Despite all the bad things I thought in the past about M$, I have slowly been coming round in recent months to thinking that they really aren’t that bad afterall. OK there are problems with them, but which Software vendor doesn’t have issues and bugs?
I am guessing that maybe all this luv has something to do with the MSDN subscription I have at work which allows me access to all these products.
Anyway, on with the point of this article….
Due to a neighbours downstairs loo bursting a pipe and the resultant flood we came home on Thursday to find that my Xbox 1 was pretty useless as the PSU was screwed after sitting in a couple of inches of water for most of the day. However, not to be down-hearted I took the opportunity to get my new PC built up to replace my Frankensteined server that packed up about a month ago
So being brave, or maybe a bit stupid, I went down the Windows Media Centre route to try to get everything to work together. I first tried connecting to the Media Centre on my Vista Ultimate laptop, but although it could connect it kept giving error messages about dropping the connection. I think this is down to the fact the computer is still a part of the domain at one of my clients and their Group policy is somehow interferring with it.
I installed a fresh copy of XP Media Centre Edition 2005 on the new computer, not exactly making the most use of a Dual Core 64 bit CPU, but it was more to prove it could be done before making the plunge into Vista on it. Low and behold once all the endless Windows Updates were done and I had installed the Rollup 2 package along with the Extender add-in from the Xbox site it connected to the 360 no problem at all. Having been an avid user of XBMC on the original Xbox my standards were pretty high, and I have to say the integration between Media Centre and the 360 was pretty good, the interface was a refreshing change from XBMC, not necessarily any better or worse, just nice to see something different.
Obviously the biggest problem was/is that currently the 360 is very particular about what formats it will play, the main ones being WMA, MPEG-2, MPEG-4 and H.264. There are rumours that DivX/XviD will be added in the fall update this year, but I am not holding my breath. I downloaded Videora 360 Converter but initially it wouldn’t work. Turns out that on 2005 you have to add a registry hack to make it show up mp4 media files and pretty much anything other than wma or wmv extentions. Once this was done, it still wouldn’t work, turned out to be a PICNIC error, I had the wrong settings, in my defence though they were the default settings….
Anyway, eventually got it to work (using MPEG-2) and with the addition of the full version of Videora it is possible to get a bit torrent client to download files via RSS and then Videora can convert them automatically. This is OK for stuff you download regularly, but I have hundreds of movies already in DivX/Xvid format and I don’t want to convert everything in there to MPEG. I also have the problem that my TV is a bit old and doesn’t support the decent conversion settings in Videora so squashes the image slightly so not ideal.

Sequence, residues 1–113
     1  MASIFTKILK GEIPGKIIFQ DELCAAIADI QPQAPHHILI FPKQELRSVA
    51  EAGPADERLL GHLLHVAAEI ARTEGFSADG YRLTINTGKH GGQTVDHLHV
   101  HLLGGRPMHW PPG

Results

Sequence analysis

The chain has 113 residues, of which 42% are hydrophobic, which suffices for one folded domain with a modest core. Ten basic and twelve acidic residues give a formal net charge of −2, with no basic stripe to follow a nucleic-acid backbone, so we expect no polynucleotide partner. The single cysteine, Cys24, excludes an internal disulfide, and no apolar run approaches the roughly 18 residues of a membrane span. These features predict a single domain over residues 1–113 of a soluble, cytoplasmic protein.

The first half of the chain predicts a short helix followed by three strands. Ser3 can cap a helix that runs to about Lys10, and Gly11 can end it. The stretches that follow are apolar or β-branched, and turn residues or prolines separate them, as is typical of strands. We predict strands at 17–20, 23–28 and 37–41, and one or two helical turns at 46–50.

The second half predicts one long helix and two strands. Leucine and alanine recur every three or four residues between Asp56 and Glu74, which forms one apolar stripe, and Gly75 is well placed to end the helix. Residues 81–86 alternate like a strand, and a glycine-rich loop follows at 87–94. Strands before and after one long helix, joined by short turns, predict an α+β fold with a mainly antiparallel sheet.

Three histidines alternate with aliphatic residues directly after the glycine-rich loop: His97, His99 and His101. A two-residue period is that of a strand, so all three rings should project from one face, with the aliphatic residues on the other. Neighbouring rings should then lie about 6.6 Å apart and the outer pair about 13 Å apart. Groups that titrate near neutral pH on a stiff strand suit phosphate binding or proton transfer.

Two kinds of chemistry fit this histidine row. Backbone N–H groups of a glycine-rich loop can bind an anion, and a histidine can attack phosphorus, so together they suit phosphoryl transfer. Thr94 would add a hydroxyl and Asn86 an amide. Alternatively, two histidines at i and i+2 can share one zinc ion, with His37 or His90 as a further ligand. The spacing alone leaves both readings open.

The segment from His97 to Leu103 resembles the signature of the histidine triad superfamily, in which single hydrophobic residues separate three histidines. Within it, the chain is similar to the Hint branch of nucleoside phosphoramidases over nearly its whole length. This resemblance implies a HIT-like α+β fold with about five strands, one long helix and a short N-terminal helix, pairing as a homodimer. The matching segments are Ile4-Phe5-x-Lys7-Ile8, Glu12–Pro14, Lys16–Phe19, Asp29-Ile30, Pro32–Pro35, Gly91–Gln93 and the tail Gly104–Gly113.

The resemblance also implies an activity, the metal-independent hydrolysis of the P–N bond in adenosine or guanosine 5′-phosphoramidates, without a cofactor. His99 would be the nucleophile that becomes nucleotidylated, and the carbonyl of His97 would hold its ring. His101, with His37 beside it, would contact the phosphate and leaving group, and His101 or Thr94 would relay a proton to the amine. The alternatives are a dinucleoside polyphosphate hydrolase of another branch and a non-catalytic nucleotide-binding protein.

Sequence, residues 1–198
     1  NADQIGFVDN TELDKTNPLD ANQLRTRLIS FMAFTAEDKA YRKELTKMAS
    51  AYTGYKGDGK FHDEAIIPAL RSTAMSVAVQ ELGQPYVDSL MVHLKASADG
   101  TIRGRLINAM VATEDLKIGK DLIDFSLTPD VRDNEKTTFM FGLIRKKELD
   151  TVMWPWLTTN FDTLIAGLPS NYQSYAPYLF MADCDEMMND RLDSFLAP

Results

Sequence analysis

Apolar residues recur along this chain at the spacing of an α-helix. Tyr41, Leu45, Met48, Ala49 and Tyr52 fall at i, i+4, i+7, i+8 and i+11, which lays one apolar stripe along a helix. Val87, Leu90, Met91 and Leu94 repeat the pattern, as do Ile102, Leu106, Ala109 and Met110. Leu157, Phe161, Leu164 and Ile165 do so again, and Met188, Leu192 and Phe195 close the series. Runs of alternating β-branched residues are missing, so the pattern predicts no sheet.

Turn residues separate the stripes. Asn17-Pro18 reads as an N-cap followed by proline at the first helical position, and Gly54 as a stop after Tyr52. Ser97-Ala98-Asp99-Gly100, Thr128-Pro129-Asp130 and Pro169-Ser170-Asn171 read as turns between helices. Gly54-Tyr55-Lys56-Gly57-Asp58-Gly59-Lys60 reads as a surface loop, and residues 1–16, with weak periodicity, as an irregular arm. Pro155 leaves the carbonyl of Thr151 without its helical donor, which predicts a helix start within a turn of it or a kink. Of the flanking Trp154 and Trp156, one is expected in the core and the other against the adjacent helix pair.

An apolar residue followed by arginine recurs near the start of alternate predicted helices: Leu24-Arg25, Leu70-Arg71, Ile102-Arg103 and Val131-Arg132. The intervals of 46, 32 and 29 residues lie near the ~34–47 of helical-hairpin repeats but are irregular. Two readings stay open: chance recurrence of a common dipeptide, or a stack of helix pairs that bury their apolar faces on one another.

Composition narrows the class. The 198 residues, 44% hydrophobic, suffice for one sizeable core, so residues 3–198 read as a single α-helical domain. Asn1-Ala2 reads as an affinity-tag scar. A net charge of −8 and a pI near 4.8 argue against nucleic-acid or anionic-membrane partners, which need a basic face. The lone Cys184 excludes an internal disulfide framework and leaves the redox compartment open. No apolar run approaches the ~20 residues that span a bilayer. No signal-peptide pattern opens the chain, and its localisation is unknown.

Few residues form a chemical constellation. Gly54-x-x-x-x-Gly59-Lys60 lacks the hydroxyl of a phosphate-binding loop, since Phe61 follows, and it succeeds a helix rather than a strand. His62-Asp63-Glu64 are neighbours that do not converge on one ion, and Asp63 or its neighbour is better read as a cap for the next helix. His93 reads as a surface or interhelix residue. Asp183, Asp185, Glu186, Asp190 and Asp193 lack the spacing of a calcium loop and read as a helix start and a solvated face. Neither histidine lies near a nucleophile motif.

The only answer is to go back to transcoding the files. This didn’t exactly fill me with joy after previous experiences. I found two different transcoding programs. VME and Transcode360. I tried VME first, and it did work, it gave me the option to play the conversion stream as it transcoded or play the temp file that it creates of the converted video. Whilst it does work, the interface isn’t exactly intuitive. Transcode 360 on the other hand worked much better, it integrates fully into Media Centre, it is maybe slightly fiddly having to select more info (effectively right-click) on the media file and then select more and tehn select Transcode360. In practice though it is only a couple of clicks and maybe 2 seconds to get it running. The file then transcodes perfectly. You can even pause and fast-forward and rewind; although this kind of depends on how quick your PC can convert the file as to how well the fast forward function works.
I would have to say after the slight hassle of getting it all setup it actually works very well. With the promise of IPTV in the future and the ability to put a couple of HDTV tuners in the PC to record live TV, it is pretty much fully featured. The interface is simple to use and it does everything my old Xbox could (maybe I should clarify that, it does everything I used it for, I am fully aware it could do way more than I ever needed), and if DivX/Xvid codecs are added to the 360 at some point then once the transcoding is removed from the whole process it doesn’t make so much sense to keep the other console there just for streaming video.
Unfortunately or fortunately whichever way you look at it, I have too many consoles to have them all out at once. Once I get a new HDTV and a bigger cabinet it will increase my options, but there is currently only room for 1 Xbox and a PS2, especially as I am trying to keep some space for a Wii too. So if I can get the 360 to stream stuff then I am more likely to play all the games I have for it, like Halo 3 that I have had for 2 weeks but it’s still in it’s packaging as I haven’t had time to play it and the 360 was packed away as we used the other Xbox for videos every night!!!
There is also the downside that you need to have either XP Media Centre or the right version of Vista to get this working. I would say though that most people probably have XP on their PC’s at home, so if you can “aquire” a version of MCE 2005 then you aren’t really losing out much. Or if you have a computer capable of running Vista then go that route, at some point most people are going to upgrade to Vista, by then the DivX codecs might be sorted and then there is no excuse not to get it all working!!!